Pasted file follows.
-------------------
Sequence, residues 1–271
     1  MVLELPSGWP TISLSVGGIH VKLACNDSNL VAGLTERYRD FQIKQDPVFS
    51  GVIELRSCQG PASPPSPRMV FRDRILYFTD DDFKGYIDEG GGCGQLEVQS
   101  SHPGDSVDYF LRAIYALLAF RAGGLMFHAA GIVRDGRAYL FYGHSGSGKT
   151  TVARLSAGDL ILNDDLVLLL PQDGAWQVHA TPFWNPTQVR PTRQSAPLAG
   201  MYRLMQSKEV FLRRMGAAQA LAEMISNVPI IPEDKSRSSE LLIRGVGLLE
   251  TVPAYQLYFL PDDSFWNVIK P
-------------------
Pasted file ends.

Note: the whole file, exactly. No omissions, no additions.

Sequence, residues 1–271
     1  MVLELPSGWP TISLSVGGIH VKLACNDSNL VAGLTERYRD FQIKQDPVFS
    51  GVIELRSCQG PASPPSPRMV FRDRILYFTD DDFKGYIDEG GGCGQLEVQS
   101  SHPGDSVDYF LRAIYALLAF RAGGLMFHAA GIVRDGRAYL FYGHSGSGKT
   151  TVARLSAGDL ILNDDLVLLL PQDGAWQVHA TPFWNPTQVR PTRQSAPLAG
   201  MYRLMQSKEV FLRRMGAAQA LAEMISNVPI IPEDKSRSSE LLIRGVGLLE
   251  TVPAYQLYFL PDDSFWNVIK P